You didn’t have to have a slide rule in your back pocket to figure out that more weight and less horsepower would drastically alter the on-track performance compared to the GT1 cars. It did–and rather than decimating the competition, as had been the case for much of the previous decade, the Corvette Racing team found itself in the fiercest competition ever.

And from all appearances, the team relished in the fender-rubbing action. Despite some challenges throughout the 2010 season, including losing two engines at Le Mans–one to internal engine failure and the other to a crash-induced loss of oil–the team never said die. The two race cars, the drivers, and crew clawed their way through the ALMS season and claimed a win at the final race of the year: the Petit Le Mans at Road Atlanta. It was a final-lap win and the only of the season, but a win is a win.

You’d think after a tough season devoid of the usual Sunday-afternoon trophy presentations, the Corvette Racing team would have rolled back to its New Hudson, Michigan headquarters demoralized and frustrated. You’d be wrong.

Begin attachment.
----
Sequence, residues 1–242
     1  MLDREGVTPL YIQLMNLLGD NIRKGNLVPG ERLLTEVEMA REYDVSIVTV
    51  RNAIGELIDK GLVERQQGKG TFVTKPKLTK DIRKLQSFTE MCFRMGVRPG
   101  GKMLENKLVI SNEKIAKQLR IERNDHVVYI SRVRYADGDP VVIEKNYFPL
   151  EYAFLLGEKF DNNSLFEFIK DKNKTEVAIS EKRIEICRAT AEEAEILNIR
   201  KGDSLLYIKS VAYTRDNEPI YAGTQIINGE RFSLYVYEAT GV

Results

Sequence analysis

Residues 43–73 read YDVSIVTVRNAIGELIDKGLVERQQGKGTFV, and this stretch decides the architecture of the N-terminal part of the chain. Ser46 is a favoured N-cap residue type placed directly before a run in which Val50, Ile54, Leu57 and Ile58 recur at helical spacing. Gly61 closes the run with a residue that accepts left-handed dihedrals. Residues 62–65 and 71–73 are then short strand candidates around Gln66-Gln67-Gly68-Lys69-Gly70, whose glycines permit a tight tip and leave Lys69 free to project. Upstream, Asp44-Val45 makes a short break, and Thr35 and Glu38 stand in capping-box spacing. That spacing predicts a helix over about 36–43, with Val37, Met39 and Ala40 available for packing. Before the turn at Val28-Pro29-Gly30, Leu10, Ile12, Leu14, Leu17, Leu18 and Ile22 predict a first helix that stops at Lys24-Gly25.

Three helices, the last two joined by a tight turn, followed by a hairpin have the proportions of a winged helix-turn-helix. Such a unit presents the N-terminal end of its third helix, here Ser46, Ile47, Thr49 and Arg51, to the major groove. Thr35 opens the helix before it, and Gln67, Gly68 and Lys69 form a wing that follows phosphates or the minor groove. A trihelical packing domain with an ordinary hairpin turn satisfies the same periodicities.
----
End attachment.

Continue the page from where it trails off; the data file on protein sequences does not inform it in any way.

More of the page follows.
We were granted access to the shop a couple of days after the season-ending Road Atlanta race and found a busy, dedicated enclave of fabricators, builders, and crew members. Two days after the season-ending race, they were mentally in the 2011 season, focusing on the construction of two new GT chassis (if you’re in the market for a seasoned GT chassis, they’ll be putting the 2010 cars up for sale). It was a professional atmosphere, where everybody was focused on moving forward. In fact, there was no talk of the just-ended season, only conversations about readying the cars for an upcoming test session.